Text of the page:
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Science fiction and fantasy stories often take readers to strange new worlds. But how do they get there? The mechanics of that can vary from none at all in the case of high fantasy to highly technical in hard sf. Writers have no shortage of interesting ideas, some of them relatively realistic and others wildly improbable. Let's look at a few.
Before we figured out that the atmosphere ends a hundred miles or so overhead, the most logical idea for getting to the Moon and planets was simply to fly there. The Icarus legend was one of the early stories to use that method. Poor Icarus melted his wings when he got too close to the Sun, but later characters made successful journeys in chariots pulled by swans, in balloons, and even, during a short window of time when our knowledge of aviation exceeded our knowledge of interplanetary space, in aeroplanes.
We did eventually learn that air grew too thin to support flight at about 50-60 miles up. We needed something that didn't rely on air...like a big cannon! Sure, we could blast a projectile to the Moon, and if we put enough padding on the floor and made the gun barrel long enough, people could survive the acceleration.
Well, actually, no. Jules Verne told a great story, but the science was off by a few orders of magnitude. In reality, to actually make it to the Moon his passengers would have been a layer of red paste on the projectile's floor, held firmly in place by the top of the projectile, which would be indistinguishable from the bottom after slamming into—and through—the atmosphere at over 25,000 miles per hour (the minimum speed needed to escape Earth's gravity).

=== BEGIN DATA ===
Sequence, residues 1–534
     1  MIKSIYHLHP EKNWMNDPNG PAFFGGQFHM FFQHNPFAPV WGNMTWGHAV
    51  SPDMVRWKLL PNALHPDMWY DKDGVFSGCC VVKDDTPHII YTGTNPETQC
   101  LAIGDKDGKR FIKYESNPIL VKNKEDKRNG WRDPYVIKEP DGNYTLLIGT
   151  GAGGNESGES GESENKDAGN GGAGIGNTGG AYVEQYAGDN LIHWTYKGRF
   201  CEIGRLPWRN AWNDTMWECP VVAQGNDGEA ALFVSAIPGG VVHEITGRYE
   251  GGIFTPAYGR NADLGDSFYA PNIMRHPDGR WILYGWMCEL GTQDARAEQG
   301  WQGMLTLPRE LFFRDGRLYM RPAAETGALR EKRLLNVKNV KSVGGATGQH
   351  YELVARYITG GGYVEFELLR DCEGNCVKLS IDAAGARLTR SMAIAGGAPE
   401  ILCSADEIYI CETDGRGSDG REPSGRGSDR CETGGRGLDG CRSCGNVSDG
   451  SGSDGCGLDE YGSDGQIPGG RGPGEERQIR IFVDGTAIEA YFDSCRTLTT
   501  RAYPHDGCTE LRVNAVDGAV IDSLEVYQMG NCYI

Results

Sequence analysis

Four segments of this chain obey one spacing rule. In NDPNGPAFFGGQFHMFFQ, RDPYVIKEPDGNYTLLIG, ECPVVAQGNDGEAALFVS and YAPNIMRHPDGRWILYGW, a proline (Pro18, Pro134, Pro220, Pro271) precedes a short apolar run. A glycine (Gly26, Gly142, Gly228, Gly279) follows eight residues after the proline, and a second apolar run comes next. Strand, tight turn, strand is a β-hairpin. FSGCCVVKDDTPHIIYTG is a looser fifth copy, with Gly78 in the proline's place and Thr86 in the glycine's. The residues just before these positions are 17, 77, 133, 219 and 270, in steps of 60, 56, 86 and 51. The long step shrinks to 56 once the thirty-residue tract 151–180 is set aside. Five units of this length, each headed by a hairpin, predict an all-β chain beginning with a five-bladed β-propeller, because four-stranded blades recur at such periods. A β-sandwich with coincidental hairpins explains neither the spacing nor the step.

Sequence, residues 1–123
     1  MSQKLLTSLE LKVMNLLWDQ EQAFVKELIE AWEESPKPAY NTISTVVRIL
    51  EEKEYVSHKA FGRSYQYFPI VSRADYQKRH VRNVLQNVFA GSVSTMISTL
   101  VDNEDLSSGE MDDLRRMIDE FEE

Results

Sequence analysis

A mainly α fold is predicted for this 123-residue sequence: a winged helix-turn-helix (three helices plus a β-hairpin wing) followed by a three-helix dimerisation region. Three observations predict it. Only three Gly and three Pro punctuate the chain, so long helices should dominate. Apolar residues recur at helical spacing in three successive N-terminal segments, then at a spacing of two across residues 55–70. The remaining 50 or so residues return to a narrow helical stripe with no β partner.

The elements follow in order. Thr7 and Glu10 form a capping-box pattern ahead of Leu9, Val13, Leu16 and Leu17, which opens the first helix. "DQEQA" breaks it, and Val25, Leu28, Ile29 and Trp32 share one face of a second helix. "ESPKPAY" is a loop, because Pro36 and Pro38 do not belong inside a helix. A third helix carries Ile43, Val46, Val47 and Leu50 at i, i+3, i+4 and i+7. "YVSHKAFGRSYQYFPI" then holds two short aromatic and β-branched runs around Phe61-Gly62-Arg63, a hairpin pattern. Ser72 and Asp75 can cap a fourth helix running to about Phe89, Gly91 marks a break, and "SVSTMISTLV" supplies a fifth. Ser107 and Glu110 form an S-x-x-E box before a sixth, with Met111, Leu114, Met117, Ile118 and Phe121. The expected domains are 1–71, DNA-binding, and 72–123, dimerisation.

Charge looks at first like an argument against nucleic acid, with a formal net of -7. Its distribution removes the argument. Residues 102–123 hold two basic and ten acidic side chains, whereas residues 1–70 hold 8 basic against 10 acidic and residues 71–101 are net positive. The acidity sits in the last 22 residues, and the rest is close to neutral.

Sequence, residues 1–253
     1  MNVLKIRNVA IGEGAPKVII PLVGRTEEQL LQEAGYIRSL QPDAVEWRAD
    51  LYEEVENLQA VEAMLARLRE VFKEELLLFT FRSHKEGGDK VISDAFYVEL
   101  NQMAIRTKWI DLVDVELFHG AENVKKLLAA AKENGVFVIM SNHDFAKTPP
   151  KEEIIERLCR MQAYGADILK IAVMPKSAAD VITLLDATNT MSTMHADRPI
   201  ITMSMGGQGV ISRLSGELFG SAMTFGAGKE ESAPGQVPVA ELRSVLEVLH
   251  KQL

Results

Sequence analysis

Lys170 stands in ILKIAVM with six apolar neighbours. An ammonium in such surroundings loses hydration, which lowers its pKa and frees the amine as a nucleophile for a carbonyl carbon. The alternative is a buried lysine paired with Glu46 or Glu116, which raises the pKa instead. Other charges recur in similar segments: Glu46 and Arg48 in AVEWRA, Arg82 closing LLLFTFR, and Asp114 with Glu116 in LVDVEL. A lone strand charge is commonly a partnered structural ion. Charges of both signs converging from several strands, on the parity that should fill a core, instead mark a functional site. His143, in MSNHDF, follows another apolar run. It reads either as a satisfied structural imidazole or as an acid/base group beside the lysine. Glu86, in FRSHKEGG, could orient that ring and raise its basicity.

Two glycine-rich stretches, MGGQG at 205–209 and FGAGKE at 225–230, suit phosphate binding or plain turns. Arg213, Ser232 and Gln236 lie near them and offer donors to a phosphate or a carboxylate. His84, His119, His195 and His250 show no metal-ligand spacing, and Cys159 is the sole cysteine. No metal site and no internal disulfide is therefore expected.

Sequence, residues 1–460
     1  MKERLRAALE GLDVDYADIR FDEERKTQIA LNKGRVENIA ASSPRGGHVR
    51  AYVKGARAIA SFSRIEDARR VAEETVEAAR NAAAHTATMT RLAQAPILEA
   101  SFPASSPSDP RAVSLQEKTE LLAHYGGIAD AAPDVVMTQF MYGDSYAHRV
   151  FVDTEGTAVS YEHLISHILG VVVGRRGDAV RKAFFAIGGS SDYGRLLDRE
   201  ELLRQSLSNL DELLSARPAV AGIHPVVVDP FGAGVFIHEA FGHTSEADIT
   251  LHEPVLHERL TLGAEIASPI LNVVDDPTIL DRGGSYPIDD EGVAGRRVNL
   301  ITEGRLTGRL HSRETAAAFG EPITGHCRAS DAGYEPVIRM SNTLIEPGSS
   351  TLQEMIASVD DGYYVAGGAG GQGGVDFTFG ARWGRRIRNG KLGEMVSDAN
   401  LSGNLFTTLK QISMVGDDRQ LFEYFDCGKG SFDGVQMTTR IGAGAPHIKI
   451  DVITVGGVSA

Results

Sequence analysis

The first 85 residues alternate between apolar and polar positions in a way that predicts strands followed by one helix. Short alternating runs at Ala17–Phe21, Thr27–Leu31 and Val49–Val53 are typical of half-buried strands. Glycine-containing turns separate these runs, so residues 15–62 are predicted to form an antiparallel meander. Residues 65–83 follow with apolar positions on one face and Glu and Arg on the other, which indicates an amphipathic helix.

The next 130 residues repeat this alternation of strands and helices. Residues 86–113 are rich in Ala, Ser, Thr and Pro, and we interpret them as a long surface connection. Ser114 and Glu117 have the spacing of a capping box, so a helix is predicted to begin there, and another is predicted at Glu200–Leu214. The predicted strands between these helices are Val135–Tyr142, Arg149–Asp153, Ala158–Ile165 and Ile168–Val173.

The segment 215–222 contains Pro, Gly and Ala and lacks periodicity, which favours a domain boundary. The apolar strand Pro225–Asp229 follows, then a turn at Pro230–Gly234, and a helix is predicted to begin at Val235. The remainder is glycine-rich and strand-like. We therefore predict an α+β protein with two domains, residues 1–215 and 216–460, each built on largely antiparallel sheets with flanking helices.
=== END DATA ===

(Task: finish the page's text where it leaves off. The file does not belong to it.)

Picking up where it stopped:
Verne knew about rockets—indeed, the Chinese knew about rockets long before Verne—but nobody seriously considered using them for space flight until the early 20th century. Why? Well, because rocket fuel won't burn in space, of course, and rockets need something to push against.
That was of course nonsense, but people who should have known better (I'm looking at you, New York Times) dismissed the idea out of hand because of that misconception. The Times finally changed their tune 49 years after dissing Robert Goddard, when Apollo 11 made it to the Moon and back under rocket power.
The truth is that rockets carry their own fuel and oxidizer, and they don't need anything to push against. In fact, when they do have something to push against, it can damage the rocket. The backwash of flame, pressure buildup, heat, and flying debris can do a lot of damage in the first few seconds of a launch.
Rockets work by throwing stuff out the back. For every action, there's an opposite and equal reaction (Newton's third law of motion), so tossing something backward moves the tosser forward. If you toss it really hard, the forward force increases by the same amount. So we talk about rocket efficiency in terms of specific impulse, which is a fancy way of saying how hard the engine throws things.